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it is NOT!
instruction moves beyond the traditional approaches of curriculum design.
Historically, curriculum design has followed along one of two frameworks:
is on topics to be covered, textbooks read, and memorization of facts,
with mastery shown exclusively through tests.
is on the demonstration of small, minute tasks or competencies by the
learner that converts to a grade or educational promotion. Such tasks are
often disconnected and lack any relation to real-life activities.
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Outcomes-Based Instruction IS!
Often referred to as the “learner-centered” approach
to curriculum design, an outcomes-based approach poses questions about where the
learner “ends” as the result of instruction, rather than where the learner
“begins” as in the case of content and competency-based designs. The
traditional approaches tend to be highly teacher-directed, whereas the
outcomes-based design is more learner-centered.
instruction poses four basic questions to the teacher.
do the learners need to DO in real-life situations that we as teachers are
responsible for in the class?
design of all instruction centers on learners engaging in meaningful
tasks, projects, and products that require synthesis of understanding and
can students do to DEMONSTRATE a level of proficiency in the outcome?
of content is demonstrated, not through tests, but rather through projects
and products that are meaningful to the learner or that have application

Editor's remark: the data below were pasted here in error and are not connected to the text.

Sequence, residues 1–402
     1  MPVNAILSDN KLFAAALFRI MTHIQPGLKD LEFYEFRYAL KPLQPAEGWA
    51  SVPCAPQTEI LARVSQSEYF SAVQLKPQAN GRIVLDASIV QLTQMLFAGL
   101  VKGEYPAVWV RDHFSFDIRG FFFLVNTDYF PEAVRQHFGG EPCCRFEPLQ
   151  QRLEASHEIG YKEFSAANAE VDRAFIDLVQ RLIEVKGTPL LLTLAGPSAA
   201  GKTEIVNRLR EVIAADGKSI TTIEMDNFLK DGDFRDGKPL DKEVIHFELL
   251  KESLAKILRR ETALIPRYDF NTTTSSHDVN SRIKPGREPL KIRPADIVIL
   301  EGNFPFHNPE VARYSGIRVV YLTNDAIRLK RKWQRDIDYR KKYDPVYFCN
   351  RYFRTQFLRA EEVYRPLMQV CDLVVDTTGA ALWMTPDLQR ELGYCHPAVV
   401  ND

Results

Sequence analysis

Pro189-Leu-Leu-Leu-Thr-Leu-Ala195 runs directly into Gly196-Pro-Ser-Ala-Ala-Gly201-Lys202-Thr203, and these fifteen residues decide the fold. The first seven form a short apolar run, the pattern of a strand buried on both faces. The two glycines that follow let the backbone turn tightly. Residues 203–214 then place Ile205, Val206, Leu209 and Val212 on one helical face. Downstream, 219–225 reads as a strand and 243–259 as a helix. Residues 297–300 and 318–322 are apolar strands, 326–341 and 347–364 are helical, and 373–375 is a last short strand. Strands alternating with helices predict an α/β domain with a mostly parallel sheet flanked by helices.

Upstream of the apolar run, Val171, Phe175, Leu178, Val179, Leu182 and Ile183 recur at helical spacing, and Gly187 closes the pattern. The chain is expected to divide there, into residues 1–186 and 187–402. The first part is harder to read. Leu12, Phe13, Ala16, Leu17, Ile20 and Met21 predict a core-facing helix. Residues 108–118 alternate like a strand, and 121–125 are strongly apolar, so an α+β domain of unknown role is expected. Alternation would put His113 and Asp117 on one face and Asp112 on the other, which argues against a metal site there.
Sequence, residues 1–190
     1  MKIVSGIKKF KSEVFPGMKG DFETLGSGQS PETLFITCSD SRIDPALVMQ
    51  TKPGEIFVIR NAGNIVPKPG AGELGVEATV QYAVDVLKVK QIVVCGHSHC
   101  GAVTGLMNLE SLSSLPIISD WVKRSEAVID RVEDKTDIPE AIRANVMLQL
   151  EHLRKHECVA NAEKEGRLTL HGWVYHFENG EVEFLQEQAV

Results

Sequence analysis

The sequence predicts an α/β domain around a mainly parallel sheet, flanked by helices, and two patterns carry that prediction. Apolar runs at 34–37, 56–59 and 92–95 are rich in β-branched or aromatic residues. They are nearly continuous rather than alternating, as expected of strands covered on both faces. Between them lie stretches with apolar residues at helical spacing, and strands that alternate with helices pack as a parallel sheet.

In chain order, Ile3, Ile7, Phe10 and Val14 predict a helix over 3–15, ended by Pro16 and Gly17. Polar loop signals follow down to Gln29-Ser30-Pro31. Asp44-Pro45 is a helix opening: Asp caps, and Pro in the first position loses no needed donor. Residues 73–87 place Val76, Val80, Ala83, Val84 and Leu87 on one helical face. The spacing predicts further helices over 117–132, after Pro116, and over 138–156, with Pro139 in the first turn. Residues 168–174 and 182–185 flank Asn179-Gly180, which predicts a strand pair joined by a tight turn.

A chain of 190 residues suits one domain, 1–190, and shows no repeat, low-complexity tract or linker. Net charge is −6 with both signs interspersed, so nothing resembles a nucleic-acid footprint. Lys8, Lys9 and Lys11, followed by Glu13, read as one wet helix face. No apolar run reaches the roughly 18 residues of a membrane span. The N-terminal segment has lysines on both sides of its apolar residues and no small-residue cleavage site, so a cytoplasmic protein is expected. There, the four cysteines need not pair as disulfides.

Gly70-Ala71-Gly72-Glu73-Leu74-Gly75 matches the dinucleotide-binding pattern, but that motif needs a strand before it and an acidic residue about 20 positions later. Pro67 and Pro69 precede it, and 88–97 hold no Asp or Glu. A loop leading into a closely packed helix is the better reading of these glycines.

to real life.
skills must be LEARNED by the student to demonstrate proficiency in the
is on the process of learning over the content. What processes and
activities will the teacher design and what skills will the learner need
to develop to demonstrate proficiency that will result in the mastery of
the intended outcome?
concepts, themes, and issues must be UNDERSTOOD to meet the intended
concepts, themes, and issues must be learned in order to do the things
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What Initiatives Have Influenced an
the early 1990’s to the present, there has evolved a set of initiatives and
studies that have emphasized the important relationship of literacy education in
the context of family, community and work. These initiatives have had a profound
influence on the design of the curriculum contained within this Guide.
(Secretary’s Commission on Achieving Necessary Skills (1991)
report was a study conducted to determine what proficiencies and skills
need to be learned in order to be successful as a worker. The report
states that a core set of foundational skills are necessary: basic skills
(reading, writing, math, speaking, listening), thinking skills (decision
making, problem-solving), and personal qualities (self-esteem,
accountability, integrity). In addition, other factors were found to be
critical: knowing how to allocate time, money, resources; interpersonal